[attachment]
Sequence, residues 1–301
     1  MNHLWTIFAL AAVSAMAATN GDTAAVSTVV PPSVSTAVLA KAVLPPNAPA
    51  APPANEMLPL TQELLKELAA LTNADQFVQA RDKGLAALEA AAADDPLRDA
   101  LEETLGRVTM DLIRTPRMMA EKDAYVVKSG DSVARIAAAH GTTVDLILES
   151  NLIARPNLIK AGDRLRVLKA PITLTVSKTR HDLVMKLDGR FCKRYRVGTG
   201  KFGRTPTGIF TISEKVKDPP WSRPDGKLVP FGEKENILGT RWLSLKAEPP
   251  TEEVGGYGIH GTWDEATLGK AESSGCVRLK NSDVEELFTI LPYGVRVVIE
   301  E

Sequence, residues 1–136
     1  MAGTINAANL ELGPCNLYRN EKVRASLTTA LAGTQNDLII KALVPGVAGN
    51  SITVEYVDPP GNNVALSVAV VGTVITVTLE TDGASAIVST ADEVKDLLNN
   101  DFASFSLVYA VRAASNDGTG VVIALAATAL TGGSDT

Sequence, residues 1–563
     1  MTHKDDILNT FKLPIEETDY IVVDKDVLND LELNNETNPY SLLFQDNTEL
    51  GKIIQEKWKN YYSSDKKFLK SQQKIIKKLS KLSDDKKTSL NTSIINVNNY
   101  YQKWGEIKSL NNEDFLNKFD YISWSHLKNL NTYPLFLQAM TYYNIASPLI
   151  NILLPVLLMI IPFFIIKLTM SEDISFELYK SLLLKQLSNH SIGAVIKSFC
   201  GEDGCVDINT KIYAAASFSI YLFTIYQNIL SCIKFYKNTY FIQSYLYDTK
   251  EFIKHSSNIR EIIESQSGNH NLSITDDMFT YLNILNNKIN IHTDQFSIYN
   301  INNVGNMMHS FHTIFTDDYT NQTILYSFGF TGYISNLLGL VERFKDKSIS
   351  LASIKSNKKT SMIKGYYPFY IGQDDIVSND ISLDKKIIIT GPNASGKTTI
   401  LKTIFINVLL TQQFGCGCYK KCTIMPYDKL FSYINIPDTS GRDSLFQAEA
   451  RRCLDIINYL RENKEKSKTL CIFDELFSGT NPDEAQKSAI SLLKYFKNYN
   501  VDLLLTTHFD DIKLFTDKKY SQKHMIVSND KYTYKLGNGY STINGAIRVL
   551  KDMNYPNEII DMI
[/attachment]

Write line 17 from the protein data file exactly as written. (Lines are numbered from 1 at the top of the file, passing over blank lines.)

   151  NILLPVLLMI IPFFIIKLTM SEDISFELYK SLLLKQLSNH SIGAVIKSFC